|Publication number||US4777383 A|
|Application number||US 07/056,916|
|Publication date||Oct 11, 1988|
|Filing date||Jun 1, 1987|
|Priority date||Jun 1, 1987|
|Also published as||DE3889586D1, DE3889586T2, DE3889586T3, EP0294072A2, EP0294072A3, EP0294072B1, EP0294072B2|
|Publication number||056916, 07056916, US 4777383 A, US 4777383A, US-A-4777383, US4777383 A, US4777383A|
|Inventors||Michael V. Waller, David M. Palance|
|Original Assignee||Ldi Pneutronics Corp.|
|Export Citation||BiBTeX, EndNote, RefMan|
|Patent Citations (18), Referenced by (12), Classifications (11), Legal Events (8)|
|External Links: USPTO, USPTO Assignment, Espacenet|
1. Field of the Invention
The present invention relates generally to pneumatic circuits and more particularly to devices for controlling pressure in pneumatic circuits.
2. Description of the Prior Art
In the field of pneumatic circuits it is often desirable to change the pressure in the circuit and to maintain it at the desired pressure until a new pressure setting is required. For example, in an industrial robot where a pneumatically driven robot hand mechanically positions and holds workpieces, it may be desired to have successive or adjustable holding operations requiring different holding pressures. By changing the pressure in the pneumatic circuit driving the robot hand, these different holding pressures can be achieved.
In the past, changing the pressure in a pneumatic circuit has been troublesome. Most controls for the circuit pressure are mechanical. These mechanical pressure control devices usually control pressure by constantly venting through a small orifice and then making up pressure through a valve to a high pressure source when the circuit pressure falls below a set level because of the constant loss. This wastes energy necessary to pressurize the gas which is constantly being vented and produces a constantly changing circuit pressure about the desired pressure.
Other systems mechanically or electrically control valves which vent from the circuit or supply pressurized gas to the circuit based upon upper and lower pressure settings. The problem with these systems is that it is easy to improperly set one of the control settings relative to the other so that they are too close. When this occurs, the system oscillates out of control. Also, since either one of the controls can fail, the system can fail with a maximum pressure supply in the circuit or no pressure in the circuit. Usually, it is desired to have a failure in only one of the two manners so that disastrous results are avoided.
Another problem with controlling pneumatic systems, regardless of the method of control, is cost. The most desirable place for a control device is at a point where the pressure regulation is needed. This, however, means that a separate control device must be positioned at every point of pressure operation. Effective control of a pneumatic circuit of this type thus requires a large number of controllers. Unless the cost of the controllers is relatively low, such a system becomes uneconomical. Thus, although the solutions to the problems described might be possible using expensive equipment, such solutions are not usable because of their cost.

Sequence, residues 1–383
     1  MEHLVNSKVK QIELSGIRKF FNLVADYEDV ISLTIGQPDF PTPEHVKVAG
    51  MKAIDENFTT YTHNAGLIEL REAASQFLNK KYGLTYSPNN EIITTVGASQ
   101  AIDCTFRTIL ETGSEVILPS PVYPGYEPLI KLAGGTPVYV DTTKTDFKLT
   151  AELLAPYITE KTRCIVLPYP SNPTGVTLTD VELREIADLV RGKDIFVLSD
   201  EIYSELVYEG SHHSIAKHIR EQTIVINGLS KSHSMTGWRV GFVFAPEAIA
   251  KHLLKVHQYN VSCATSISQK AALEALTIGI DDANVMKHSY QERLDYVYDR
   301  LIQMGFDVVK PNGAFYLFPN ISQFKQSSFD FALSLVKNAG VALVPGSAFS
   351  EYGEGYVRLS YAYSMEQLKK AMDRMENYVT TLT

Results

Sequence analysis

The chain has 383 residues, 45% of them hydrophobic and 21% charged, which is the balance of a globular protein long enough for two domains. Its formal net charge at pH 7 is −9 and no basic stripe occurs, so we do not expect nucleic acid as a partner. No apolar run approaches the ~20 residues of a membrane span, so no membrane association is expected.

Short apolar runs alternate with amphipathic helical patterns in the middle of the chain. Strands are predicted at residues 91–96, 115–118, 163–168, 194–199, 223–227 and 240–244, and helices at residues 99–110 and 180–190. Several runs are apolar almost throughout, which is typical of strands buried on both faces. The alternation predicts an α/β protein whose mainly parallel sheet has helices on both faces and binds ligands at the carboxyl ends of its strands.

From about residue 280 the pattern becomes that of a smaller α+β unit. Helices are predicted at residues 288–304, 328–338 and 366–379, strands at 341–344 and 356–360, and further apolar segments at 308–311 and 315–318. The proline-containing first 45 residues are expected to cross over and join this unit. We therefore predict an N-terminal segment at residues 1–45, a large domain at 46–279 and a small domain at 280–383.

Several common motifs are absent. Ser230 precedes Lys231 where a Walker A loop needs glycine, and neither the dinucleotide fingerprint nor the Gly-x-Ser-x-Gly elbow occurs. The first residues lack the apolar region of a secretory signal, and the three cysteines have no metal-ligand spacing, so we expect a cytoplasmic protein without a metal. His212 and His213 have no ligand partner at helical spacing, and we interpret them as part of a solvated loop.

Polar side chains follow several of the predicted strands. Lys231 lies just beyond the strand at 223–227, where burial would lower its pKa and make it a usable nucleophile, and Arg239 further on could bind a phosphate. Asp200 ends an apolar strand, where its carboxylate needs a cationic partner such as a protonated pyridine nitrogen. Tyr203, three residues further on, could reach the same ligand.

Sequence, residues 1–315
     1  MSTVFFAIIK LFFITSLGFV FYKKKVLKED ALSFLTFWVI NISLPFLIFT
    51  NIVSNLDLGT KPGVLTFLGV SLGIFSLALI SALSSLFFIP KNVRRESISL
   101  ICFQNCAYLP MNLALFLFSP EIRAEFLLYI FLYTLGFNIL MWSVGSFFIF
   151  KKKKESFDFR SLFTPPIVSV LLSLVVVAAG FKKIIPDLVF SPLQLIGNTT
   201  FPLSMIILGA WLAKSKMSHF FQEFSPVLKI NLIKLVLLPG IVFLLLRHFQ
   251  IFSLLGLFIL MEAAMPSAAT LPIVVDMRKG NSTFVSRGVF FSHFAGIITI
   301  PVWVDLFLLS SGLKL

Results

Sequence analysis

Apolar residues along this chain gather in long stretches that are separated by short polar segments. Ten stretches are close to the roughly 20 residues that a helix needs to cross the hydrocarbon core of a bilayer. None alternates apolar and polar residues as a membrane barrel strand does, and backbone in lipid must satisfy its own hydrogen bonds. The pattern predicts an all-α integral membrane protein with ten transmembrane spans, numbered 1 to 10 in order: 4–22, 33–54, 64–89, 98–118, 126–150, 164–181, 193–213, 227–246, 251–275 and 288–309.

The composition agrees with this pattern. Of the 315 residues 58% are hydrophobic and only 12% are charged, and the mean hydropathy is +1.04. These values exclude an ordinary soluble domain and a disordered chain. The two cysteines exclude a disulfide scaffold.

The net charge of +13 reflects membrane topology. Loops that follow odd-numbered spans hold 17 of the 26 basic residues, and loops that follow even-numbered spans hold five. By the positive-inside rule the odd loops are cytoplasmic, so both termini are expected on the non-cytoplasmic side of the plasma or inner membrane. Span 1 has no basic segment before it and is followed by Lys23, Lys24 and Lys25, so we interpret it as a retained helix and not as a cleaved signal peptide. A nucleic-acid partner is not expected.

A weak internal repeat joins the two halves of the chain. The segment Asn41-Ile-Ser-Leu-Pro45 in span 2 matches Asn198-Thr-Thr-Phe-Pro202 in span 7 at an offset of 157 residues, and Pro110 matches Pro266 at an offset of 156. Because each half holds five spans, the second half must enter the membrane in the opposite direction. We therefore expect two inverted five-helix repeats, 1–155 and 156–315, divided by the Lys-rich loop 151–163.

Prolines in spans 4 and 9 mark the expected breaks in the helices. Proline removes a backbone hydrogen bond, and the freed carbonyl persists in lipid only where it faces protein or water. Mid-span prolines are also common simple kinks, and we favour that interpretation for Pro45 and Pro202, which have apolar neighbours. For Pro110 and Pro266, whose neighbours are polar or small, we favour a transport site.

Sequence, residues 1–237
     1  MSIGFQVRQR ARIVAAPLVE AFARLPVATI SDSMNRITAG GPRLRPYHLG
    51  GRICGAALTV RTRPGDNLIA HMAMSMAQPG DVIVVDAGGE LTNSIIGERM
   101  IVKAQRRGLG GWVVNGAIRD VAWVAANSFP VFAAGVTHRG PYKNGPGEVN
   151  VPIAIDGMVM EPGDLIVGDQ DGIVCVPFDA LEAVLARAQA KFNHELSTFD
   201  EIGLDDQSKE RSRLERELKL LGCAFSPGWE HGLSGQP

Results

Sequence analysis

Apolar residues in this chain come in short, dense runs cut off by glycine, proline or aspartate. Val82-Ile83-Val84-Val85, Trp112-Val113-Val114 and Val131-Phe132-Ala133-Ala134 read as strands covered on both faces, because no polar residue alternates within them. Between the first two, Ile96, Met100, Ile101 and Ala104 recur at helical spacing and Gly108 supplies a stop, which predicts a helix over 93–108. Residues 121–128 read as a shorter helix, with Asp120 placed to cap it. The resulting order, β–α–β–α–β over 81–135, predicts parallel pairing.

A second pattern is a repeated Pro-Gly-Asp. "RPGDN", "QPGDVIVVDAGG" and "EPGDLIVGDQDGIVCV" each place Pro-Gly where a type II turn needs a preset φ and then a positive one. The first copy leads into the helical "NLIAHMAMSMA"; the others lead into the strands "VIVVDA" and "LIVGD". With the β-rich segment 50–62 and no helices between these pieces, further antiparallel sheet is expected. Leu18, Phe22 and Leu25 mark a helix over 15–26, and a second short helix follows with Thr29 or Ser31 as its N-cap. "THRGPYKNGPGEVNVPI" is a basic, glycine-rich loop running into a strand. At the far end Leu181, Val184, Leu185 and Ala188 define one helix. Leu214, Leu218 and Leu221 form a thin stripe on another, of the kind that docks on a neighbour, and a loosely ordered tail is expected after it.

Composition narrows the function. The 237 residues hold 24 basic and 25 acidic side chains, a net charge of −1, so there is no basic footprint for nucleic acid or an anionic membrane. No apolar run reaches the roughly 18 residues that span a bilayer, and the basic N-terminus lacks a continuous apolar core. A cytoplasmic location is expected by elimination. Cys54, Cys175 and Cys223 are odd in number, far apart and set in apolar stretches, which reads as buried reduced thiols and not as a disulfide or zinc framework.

One particular cost problem which relates to the problem of system control is response speed to a signalled or desired pressure change. Generally, it is necessary to have a fast response time so that a desired pressure change will achieve its desired results. However, in systems with both venting and pressuring valves, a fast response means a large "dead band" between the operation of the valves is necessary to prevent uncontrolled oscillation of the two valves. Thus, the fast response time prevents fine control. While a variable orifice valve could be used to provide both fine control and fast response, such valves are expensive and the equipment to drive these valves is also expensive. Finally, such valves are too large for many pneumatic circuit operations.
It is accordingly an object of the present invention to provide a pneumatic circuit pressure control with an improved electrical control device for controlling the circuit pressure.
It is also an object of the present invention to provide an improved pneumatic circuit pressure control wherein the rate of response adjusts to the rate of pressure change demanded.
It is also an object of the present invention to provide a pneumatic circuit pressure control device which has a relatively low cost and is simple in its construction and operation.